That's what happened to Janet Hard of Freeland, Michigan, who's here today. Where's Janet? Right here. Janet is a nurse. Her husband is a pipefitter. They've got two boys. Janet and her husband have tried to be responsible; she's made her payments on time. But despite this, Janet's interest rate was increased to 24 percent. And that 24 percent applied not just for new purchases, but retroactively to her entire balance. And so, despite making steady payments totaling $2,400 one year, her debt went down only by $350 that year.
And Janet's family is not alone. Over the past decade, credit card debt has increased by 25 percent in our country. Nearly half of all Americans carry a balance on their cards. Those who do, carry an average balance of more than $7,000. And as our economic situation worsened — and many defaulted on their debt as a result of a lost job, for example — a vicious cycle ensued. Borrowers couldn't pay their bills, and so lenders raised rates. As rates went up, more borrowers couldn't pay.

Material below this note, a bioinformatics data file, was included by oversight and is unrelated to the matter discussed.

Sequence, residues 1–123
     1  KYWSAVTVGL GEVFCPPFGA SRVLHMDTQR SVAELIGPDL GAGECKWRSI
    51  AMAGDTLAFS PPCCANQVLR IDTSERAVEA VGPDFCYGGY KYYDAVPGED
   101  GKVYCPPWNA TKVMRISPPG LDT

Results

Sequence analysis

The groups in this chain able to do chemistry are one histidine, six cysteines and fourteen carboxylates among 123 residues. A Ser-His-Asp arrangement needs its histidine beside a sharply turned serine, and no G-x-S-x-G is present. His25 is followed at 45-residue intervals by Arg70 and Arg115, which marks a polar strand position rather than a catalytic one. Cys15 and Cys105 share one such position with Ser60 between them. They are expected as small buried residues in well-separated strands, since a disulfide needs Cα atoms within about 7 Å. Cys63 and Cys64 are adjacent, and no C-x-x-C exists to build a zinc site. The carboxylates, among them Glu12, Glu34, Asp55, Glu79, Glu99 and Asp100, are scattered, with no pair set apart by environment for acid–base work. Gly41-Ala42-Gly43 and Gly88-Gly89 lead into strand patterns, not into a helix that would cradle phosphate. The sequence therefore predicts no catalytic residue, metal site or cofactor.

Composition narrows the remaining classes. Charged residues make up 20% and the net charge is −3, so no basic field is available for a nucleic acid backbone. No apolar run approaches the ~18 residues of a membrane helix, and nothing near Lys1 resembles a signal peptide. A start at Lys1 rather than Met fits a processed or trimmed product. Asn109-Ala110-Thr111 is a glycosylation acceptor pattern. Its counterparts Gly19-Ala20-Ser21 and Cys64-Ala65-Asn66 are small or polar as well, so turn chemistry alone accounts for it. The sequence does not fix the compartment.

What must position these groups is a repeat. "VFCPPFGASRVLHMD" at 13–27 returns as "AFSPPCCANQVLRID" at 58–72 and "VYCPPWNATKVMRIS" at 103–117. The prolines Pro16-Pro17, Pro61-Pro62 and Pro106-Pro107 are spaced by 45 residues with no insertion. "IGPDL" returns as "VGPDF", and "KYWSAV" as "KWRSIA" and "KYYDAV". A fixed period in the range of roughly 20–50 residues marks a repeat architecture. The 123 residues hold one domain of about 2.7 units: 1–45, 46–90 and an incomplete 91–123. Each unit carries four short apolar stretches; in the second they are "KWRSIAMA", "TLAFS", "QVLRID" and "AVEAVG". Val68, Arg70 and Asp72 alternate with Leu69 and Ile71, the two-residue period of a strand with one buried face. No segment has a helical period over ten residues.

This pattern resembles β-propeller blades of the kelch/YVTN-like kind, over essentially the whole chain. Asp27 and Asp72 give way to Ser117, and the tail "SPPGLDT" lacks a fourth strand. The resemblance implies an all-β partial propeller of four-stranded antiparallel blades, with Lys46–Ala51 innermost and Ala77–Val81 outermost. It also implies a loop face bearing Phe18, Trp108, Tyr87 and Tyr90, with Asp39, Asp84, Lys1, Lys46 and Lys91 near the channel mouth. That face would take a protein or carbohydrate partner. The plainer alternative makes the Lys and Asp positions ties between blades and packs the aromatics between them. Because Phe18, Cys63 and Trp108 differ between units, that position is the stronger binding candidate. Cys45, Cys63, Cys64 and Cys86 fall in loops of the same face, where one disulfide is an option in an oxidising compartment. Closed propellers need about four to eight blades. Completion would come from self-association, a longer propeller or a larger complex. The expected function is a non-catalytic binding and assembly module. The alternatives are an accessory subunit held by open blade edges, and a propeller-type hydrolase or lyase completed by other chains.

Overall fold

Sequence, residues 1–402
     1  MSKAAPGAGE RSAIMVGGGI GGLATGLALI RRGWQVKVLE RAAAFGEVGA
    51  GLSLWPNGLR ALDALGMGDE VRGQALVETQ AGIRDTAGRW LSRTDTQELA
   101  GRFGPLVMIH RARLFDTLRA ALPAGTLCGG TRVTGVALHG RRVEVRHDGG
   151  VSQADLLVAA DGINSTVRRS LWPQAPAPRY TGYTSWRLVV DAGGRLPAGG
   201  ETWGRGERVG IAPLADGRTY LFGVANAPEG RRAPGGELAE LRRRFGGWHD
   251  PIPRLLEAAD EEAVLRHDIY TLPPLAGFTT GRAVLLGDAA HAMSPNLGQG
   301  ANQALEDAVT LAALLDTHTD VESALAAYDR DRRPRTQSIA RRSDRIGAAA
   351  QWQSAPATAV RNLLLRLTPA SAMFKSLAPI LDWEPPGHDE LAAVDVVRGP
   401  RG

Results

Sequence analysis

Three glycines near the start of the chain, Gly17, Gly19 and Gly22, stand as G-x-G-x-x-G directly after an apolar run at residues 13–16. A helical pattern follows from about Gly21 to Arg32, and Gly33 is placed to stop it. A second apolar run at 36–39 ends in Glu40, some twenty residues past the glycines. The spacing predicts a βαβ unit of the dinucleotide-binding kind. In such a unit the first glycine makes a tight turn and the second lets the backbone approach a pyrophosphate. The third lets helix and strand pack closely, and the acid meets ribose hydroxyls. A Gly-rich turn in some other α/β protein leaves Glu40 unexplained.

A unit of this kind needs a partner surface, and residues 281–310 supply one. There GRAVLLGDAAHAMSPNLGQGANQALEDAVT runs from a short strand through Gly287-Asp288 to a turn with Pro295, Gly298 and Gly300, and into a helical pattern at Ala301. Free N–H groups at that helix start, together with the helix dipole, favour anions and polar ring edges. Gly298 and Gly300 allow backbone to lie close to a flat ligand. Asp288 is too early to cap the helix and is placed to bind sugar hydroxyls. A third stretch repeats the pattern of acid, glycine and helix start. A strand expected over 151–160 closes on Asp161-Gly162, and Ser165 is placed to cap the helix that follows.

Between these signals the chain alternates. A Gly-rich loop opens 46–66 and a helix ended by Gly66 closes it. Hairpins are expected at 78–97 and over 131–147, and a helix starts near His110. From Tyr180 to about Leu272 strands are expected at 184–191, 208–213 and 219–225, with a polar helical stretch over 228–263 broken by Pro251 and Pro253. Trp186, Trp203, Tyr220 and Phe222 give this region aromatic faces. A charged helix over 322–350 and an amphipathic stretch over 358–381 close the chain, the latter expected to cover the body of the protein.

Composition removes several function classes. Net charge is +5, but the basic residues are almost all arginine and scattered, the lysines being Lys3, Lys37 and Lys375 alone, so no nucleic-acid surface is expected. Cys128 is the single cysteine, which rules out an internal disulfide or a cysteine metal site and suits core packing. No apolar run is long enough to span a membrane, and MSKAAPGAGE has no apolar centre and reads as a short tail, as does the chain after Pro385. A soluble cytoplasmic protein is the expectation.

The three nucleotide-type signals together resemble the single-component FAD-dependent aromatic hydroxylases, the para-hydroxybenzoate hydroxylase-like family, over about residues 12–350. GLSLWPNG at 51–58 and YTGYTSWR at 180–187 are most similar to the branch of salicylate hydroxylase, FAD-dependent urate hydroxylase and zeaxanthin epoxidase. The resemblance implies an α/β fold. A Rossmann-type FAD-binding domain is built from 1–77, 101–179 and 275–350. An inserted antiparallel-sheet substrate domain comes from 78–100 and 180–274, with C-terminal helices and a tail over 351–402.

Millions of cardholders have seen their interest rates jump in just the past six months. One in five Americans carry a balance that has been charged interest rates above 20 percent. One in five.
I also want to emphasize, these are costs that often hit responsible credit card users. Interest can be charged even if you pay your bill on time. Rates can be increased on outstanding balances even if you aren't late with a payment. And if you sit — if you start to pay down your balance, which is the right thing to do, a company can require you to pay down the debt with the lowest interest rate first — instead of the highest — which makes it much harder to ever get out of the red.